Using Visualization Rhetoric Ethically

The role of the policy analyst as a public servant is to present senior leaders with information and data analysis on pubic policy issues. By presenting facts and clearly articulating options, decision makers can make the most informed conclusion on the direction of the policy problem. As policy analysts hold power over how and what data is presented, they need to be mindful of ethics and present the data in an honest and authentic way.

In some cases, visual rhetoric may be used for persuasive presentation. Infographics and other data visualization tools can be employed for a number of ways to communicate to decision makers.

When presenting data in a visual rhetoric, analysts must be careful as the data could be altered, intentionally (manipulated) or unintentionally, in order to fit the format. When trying to create infographics and using other data visualization tools, there are instances where data must be cleaned and ultimately removed. In doing so, there is an opportunity to provide an inaccurate interpretation. If a policy analyst is presenting a data visualization to a decision maker, they must clearly articulate the data set used and any limitations the data may contain. If not, the data can be manipulated to favor a particular course of action.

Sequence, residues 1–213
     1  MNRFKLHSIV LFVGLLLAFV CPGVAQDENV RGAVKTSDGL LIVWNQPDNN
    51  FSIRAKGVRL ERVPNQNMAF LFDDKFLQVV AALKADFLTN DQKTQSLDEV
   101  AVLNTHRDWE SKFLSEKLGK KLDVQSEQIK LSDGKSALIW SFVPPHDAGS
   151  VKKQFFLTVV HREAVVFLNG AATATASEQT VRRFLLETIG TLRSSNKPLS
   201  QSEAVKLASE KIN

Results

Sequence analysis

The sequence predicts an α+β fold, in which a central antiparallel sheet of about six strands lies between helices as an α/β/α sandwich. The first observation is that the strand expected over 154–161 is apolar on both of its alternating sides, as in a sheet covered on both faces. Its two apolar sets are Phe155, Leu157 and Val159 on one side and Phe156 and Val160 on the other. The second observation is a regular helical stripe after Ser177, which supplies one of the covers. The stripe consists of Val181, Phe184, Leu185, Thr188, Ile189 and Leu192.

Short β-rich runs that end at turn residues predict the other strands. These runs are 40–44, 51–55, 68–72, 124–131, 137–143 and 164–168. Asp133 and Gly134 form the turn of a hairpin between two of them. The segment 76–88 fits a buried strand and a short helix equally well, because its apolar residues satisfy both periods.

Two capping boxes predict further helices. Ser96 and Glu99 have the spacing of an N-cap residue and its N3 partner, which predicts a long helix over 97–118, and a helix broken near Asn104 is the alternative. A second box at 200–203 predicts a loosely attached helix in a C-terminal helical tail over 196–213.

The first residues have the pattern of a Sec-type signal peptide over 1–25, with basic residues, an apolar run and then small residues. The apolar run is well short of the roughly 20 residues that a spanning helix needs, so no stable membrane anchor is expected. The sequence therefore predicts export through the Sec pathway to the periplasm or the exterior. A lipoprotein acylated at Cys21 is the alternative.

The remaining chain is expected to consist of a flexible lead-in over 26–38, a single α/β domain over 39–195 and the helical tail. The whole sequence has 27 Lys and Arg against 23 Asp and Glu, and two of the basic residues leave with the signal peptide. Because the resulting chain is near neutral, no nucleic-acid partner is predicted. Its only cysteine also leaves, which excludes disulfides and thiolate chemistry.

This does not mean that policy analysts must avoid data visualization techniques and stick to the neutral presentation of facts but rather they must find a balance to ensure they are presenting decision makers with all the information available. This includes using proper descriptive words to communicate uncertainty and thoroughly explaining any limitations in the narrative.

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